Temporomandibular Joint Pain
Thursday, January 22, 2009
If you are having pain in your upper and lower jaw, Dr. Edward Hill might have an answer to the problem in todayís 60 Second Housecall.
The temporomandibular joint, or TMJ, connects the upper and lower jawbones. This joint allows the jaw to open wide and move back and forth when you chew, talk or yawn.
There are many causes of TMJ pain. Repeated chewing, like chewing gum, or clenching your teeth are two actions that can cause pain in the joint.
To help relieve your pain, you can try eating soft foods, using both sides of your mouth to chew, not chewing gum or other chewy foods, opening your mouth wide during yawning or singing, not biting your cheeks or fingernails, and applying a warm, damp compress to the joint. Medicines such as ibuprofen or Tylenol can also help.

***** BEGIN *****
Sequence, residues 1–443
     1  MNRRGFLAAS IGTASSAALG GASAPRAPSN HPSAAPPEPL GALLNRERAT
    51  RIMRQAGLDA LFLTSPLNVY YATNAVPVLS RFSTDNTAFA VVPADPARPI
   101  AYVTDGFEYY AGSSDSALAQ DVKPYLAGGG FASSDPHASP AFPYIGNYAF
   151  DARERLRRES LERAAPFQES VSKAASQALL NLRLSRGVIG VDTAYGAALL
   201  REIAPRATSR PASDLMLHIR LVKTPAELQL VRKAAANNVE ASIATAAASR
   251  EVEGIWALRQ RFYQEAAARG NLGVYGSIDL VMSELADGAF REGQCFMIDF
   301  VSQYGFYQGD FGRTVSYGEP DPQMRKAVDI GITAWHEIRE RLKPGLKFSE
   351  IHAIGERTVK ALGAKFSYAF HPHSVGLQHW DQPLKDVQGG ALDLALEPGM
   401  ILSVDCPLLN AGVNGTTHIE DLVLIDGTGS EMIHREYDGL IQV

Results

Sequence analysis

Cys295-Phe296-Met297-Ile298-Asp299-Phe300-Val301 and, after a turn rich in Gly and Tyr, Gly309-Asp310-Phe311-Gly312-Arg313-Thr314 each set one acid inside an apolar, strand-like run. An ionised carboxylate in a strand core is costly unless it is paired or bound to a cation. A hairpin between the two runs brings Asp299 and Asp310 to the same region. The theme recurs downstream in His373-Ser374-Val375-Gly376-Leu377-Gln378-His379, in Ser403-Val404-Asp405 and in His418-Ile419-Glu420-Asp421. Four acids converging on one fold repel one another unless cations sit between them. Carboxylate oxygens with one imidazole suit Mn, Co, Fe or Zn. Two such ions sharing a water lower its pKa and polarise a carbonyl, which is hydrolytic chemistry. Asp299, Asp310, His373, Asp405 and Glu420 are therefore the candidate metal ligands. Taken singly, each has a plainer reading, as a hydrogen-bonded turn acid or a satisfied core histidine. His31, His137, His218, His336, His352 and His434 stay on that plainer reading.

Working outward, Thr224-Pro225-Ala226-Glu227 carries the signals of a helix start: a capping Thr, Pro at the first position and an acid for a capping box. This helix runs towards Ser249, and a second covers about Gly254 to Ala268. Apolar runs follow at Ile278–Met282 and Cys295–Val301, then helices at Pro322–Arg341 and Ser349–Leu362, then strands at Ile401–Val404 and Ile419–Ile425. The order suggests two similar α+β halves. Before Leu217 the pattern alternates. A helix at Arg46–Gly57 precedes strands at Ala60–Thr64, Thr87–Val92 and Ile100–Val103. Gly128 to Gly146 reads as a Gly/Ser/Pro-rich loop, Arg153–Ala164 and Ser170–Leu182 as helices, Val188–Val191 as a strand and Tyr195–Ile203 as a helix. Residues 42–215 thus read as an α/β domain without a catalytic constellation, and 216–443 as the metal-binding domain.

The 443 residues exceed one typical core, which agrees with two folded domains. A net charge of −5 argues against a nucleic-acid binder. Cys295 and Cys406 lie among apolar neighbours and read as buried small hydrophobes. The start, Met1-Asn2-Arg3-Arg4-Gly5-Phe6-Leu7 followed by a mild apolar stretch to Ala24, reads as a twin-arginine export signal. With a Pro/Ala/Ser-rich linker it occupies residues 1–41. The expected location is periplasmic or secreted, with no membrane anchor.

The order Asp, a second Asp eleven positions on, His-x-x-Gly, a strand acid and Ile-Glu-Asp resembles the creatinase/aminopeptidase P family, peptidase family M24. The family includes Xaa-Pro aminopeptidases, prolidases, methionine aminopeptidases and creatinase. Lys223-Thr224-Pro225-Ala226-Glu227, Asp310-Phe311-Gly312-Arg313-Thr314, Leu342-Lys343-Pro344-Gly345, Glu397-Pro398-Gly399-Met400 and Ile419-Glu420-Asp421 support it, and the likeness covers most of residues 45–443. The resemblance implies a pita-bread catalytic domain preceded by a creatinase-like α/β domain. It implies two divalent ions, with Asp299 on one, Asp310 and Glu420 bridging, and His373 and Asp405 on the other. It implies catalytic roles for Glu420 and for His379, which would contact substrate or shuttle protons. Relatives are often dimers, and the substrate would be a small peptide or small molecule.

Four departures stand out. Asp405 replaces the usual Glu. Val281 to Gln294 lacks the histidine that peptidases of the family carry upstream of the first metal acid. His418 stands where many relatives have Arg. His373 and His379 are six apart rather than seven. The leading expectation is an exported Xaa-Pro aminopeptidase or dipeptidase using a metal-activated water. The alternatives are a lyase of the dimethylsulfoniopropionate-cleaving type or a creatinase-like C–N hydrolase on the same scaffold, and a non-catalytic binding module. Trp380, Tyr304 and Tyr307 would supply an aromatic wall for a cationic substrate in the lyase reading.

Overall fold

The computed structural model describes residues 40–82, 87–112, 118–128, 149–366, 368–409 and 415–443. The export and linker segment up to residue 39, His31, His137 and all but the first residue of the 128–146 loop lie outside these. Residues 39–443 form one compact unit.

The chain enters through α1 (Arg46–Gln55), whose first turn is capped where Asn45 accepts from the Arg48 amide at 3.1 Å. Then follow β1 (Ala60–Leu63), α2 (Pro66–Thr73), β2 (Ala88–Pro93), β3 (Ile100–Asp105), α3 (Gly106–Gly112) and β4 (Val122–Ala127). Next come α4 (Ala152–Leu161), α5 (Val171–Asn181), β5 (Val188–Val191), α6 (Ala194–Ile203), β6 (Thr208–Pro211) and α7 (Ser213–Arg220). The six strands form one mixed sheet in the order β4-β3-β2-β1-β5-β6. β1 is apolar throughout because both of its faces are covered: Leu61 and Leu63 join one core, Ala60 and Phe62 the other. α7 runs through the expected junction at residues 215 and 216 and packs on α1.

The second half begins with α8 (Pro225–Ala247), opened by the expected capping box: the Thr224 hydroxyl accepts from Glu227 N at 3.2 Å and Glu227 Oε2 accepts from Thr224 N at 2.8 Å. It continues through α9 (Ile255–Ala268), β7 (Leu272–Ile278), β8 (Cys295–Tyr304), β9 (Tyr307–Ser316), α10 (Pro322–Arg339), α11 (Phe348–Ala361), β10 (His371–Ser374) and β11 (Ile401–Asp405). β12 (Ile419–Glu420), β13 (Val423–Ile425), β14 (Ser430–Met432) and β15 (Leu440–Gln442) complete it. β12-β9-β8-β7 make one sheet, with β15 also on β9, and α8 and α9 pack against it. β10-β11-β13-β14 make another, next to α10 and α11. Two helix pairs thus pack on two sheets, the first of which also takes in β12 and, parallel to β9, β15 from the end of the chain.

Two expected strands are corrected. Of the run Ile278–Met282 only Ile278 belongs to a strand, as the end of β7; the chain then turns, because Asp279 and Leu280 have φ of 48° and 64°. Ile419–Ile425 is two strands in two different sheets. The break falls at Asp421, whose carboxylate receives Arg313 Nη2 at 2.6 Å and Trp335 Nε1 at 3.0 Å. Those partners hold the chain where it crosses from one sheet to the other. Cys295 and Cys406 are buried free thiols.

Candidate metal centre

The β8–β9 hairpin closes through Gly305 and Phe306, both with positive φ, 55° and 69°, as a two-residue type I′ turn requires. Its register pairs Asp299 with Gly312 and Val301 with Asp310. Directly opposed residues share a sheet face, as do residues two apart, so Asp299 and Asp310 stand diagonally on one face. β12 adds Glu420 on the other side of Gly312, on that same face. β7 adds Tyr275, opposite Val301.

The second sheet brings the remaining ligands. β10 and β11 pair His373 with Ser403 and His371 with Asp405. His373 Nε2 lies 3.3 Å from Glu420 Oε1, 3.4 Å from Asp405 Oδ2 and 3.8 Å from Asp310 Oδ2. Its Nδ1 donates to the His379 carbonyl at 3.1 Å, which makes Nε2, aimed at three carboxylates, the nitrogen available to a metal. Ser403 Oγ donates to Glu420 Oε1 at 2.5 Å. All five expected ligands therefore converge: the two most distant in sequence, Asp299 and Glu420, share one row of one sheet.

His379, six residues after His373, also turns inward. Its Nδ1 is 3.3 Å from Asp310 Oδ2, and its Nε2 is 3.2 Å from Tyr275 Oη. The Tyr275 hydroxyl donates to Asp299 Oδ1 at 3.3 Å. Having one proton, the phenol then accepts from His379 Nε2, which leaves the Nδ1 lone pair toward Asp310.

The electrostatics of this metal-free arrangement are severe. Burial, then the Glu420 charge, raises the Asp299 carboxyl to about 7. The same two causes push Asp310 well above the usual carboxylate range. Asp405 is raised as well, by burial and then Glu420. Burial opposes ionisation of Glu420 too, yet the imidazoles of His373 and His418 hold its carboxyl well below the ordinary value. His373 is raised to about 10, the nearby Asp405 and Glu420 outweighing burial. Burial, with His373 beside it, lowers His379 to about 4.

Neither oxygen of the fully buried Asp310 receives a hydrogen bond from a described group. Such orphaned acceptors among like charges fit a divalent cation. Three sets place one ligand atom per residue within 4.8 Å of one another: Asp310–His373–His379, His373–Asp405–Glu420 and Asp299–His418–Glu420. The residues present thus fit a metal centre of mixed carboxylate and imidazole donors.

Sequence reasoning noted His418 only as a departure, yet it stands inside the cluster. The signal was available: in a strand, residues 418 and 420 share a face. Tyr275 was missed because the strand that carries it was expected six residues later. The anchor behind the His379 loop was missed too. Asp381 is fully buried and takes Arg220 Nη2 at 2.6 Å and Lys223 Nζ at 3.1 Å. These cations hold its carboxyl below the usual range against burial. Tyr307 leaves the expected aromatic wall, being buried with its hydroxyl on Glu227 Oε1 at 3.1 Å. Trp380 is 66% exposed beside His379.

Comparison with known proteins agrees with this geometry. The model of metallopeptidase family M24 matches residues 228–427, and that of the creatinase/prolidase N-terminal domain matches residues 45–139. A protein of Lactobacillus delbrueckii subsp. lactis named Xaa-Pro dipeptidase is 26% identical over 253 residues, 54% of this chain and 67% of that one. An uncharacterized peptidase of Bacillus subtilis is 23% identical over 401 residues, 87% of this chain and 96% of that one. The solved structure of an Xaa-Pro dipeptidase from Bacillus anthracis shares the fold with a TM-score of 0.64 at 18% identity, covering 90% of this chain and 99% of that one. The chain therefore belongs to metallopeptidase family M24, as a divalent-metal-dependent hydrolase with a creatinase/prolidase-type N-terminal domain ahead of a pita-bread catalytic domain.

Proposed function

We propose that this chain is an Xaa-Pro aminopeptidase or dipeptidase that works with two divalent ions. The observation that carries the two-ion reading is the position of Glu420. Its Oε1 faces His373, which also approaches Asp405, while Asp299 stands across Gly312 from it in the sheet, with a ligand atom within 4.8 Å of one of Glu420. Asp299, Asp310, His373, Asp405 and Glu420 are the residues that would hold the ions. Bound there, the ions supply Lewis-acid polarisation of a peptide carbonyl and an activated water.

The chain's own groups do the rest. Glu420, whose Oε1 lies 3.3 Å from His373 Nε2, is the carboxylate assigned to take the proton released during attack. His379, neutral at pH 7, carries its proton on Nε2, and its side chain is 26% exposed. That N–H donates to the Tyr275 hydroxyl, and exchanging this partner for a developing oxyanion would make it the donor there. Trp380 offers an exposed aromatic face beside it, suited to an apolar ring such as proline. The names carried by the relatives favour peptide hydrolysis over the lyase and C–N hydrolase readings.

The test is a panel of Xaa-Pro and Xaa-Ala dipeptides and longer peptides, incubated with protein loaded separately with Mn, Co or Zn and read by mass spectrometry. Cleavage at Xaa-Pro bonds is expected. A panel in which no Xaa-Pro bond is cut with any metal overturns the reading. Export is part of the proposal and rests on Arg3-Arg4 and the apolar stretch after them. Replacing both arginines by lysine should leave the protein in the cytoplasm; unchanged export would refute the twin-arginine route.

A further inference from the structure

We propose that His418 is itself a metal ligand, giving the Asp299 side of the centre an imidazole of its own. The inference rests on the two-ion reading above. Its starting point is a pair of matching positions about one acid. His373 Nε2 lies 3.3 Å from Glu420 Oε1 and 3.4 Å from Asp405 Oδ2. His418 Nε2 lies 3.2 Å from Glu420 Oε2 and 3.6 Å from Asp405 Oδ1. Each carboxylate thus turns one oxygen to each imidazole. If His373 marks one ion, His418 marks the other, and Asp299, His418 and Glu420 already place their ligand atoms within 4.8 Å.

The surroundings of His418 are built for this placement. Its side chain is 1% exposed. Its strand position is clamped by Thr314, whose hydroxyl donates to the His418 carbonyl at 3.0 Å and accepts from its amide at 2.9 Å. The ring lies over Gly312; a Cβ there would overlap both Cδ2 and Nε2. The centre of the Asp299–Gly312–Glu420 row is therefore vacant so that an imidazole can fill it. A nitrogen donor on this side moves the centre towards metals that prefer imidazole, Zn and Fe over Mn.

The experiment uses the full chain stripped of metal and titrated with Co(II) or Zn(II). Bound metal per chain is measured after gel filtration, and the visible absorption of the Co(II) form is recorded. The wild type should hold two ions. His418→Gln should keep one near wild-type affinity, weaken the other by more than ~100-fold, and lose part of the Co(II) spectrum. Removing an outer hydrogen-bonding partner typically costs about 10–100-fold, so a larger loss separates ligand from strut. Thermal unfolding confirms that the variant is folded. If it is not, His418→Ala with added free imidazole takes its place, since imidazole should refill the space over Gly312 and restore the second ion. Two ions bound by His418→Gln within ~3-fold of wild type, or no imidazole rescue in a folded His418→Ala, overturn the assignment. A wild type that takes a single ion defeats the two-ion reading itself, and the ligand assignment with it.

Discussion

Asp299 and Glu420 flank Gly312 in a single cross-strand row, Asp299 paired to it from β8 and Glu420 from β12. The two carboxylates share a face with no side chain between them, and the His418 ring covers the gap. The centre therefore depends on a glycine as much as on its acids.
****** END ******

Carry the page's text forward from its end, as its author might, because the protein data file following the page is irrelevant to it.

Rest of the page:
There are several simple exercises you can do to make your muscles stronger and to keep the pain from returning. One is the tongue up exercise. Slowly open and close your mouth while keeping the tongue touching the roof of the mouth.
For North Mississippi Medical Center, Iím Dr. Edward Hill.